and devices; and methods for preventing sexually transmitted infections (STIs) and HIV transmission. Equally important is the promotion of shared decision-making in relationships regarding contraceptive use, a positive view of human sexuality, and counseling based on public health and scientiﬁc fact rather than gender stereotypes, threats of potential harms, and narrow ideology.32 Although teens should be encouraged to delay sex until they are emotionally and physically ready for the responsibilities and risks associated with sex, they also should be taught a positive view of human sexuality rather than to fear it. When virginity is promoted as the only acceptable sexual status for unmarried people, adolescents are more likely to misreport their sexual activity and engage in riskier sexual behavior.33 We should give teens the tools and incentives they need to make safe and healthy decisions regarding sex.34 Possible tools and incentives include job and education opportunities that provide positive reasons to delay sex and parenting, policies that foster open communication with parents or other trusted adults about sex, access to safe and affordable contraception and abortion care that encourages parental involvement but does not jeopardize teen health and safety by requiring it, and promotion of shared decisionmaking in relationships about sexual activity and contraceptive use. Those who are victims of rape, incest, and other forms of sexual abuse clearly face challenges in preventing unintended pregnancy. It is estimated that there is a ﬁve percent pregnancy rate for one-time, unprotected sexual intercourse, but that rate increases for multiple acts of victimization.35 Moreover, sexual abuse and risk for adolescent pregnancy are highly correlated.36
Women who seek medical care after rape should be provided with information and access to emergency contraception. Victims of incest and nonfamilial sexual abuse need counseling to deal with the consequences of abuse that can lead to sexually risky behavior. And more education and programs are required to address the root causes of and cultural attitudes toward violence against women.
The ability to have a healthy pregnancy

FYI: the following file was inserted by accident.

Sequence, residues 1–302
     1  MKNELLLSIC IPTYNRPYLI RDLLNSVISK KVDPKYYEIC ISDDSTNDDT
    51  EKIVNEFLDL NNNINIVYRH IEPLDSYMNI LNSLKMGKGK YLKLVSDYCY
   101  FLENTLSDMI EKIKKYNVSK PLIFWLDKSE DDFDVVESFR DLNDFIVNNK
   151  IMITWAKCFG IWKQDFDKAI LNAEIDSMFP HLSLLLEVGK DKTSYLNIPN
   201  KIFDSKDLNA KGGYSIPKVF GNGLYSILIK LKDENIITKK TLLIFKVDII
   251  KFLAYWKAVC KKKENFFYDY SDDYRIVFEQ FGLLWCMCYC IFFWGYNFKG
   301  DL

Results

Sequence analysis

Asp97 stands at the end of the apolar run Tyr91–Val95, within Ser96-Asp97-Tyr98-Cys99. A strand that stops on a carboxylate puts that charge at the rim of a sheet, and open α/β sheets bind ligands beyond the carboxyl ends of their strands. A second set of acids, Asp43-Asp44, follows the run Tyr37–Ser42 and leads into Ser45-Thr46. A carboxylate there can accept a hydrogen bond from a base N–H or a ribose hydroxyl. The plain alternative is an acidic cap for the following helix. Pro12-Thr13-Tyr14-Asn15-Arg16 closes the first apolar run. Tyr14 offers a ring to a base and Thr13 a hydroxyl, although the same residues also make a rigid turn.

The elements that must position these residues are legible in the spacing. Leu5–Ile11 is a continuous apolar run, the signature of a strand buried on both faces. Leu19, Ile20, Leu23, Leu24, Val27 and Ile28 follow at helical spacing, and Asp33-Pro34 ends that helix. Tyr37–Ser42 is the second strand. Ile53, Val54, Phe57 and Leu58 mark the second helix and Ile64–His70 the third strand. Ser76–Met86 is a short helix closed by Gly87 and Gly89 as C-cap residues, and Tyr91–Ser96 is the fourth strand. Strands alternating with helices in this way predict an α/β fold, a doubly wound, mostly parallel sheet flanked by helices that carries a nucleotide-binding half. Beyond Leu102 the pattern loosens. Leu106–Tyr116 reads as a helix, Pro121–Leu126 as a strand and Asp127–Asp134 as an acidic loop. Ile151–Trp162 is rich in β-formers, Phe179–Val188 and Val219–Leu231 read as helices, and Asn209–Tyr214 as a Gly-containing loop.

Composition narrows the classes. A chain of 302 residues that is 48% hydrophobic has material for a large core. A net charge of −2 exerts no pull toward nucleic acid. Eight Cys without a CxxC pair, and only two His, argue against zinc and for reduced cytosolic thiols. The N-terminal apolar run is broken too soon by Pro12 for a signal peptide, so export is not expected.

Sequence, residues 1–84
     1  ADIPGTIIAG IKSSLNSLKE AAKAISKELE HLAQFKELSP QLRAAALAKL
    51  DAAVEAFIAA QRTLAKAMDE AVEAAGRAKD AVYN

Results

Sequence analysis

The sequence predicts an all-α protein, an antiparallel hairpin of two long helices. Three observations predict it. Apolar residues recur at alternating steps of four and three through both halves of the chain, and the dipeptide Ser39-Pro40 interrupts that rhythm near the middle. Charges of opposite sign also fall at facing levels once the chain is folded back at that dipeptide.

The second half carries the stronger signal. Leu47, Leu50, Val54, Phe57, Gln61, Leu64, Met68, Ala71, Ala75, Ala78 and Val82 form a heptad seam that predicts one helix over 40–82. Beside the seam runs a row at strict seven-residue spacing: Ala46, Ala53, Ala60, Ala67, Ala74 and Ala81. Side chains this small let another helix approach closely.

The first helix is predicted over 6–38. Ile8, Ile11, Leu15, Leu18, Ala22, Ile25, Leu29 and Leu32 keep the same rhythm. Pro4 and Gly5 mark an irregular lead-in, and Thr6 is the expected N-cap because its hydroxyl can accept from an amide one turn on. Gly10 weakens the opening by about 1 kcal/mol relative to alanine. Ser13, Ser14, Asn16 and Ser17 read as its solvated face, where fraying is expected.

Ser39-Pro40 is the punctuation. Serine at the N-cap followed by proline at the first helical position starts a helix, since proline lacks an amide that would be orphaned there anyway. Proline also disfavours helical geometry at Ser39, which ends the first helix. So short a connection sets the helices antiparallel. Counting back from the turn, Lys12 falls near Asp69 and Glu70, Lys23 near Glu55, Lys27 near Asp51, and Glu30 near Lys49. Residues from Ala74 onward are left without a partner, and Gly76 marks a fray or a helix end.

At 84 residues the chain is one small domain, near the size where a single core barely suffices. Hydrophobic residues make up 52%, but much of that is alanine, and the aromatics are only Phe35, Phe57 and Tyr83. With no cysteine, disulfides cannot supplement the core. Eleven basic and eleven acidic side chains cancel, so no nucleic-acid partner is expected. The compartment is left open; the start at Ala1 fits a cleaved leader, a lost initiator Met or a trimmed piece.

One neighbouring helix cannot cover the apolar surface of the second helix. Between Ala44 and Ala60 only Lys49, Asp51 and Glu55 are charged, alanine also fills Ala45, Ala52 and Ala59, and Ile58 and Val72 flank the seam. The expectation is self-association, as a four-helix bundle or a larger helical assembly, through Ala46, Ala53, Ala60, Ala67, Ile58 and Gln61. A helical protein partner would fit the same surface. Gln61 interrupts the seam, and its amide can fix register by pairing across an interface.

The ability to have a healthy pregnancy requires affordable access to health care; informed consent for medical care; information on how to maintain a healthy pregnancy; unbiased, multilingual, and culturally competent medical care; and fair and safe employment practices. A woman cannot maintain a healthy pregnancy and have a healthy baby without health care for herself before, during, and after pregnancy. The strongest predictor for a healthy pregnancy is the health of the woman before she becomes pregnant.37 Health care for everyone, regardless of income, is necessary to ensure adequate coverage for women and their families. Such health care should include comprehensive prenatal care and reasonable recovery time in the hospital post-delivery. Moreover, it should be remembered that access to safe and affordable contraception and abortion care help women to space their pregnancies safely and protect their fertility, thereby preserving their ability to have healthy pregnancies. As with preventing or terminating a pregnancy, women who elect to continue a pregnancy must be fully informed about all medical treatment during the course of their pregnancy and delivery so that they are able to give voluntary consent.38 Expectant parents also should be offered resources that will assist them in maintaining a healthy pregnancy, including information about the
When it comes to reproductive rights, e person will, at times, require governme
and practices that discourage women from getting pregnant, interfere with their ability to maintain a healthy pregnancy, or penalize them for being pregnant or taking maternity leave.39 Reforms that would improve the current situation include paid leave for prenatal care, delivery, and care of a newborn; safer working conditions; reasonable accommodations for needs that arise during pregnancy; and better enforcement of the Pregnancy Discrimination Act.
The ability to have healthy and safe families and relationships
The ability to have healthy and safe families and relationships requires medically accurate sexuality education for adolescents and adults; prevention of HIV/AIDS and other sexually transmitted infections (STIs); marriage equality; recognition of multiple family types; freedom from violence, abuse, and crime; and environmentally sound communities. Medically accurate, unbiased, and culturally competent sexuality education is necessary not only to prevent unintended pregnancy and disease, but also to safeguard public health, promote a positive view of human sexuality, and develop healthy relationships. For instance, couples who are able to control their fertility and plan the spacing and timing of their children experience reduced stress on their relationships and increased stability.40 Much more must be done to prevent HIV/ AIDS and other STIs. We must commit to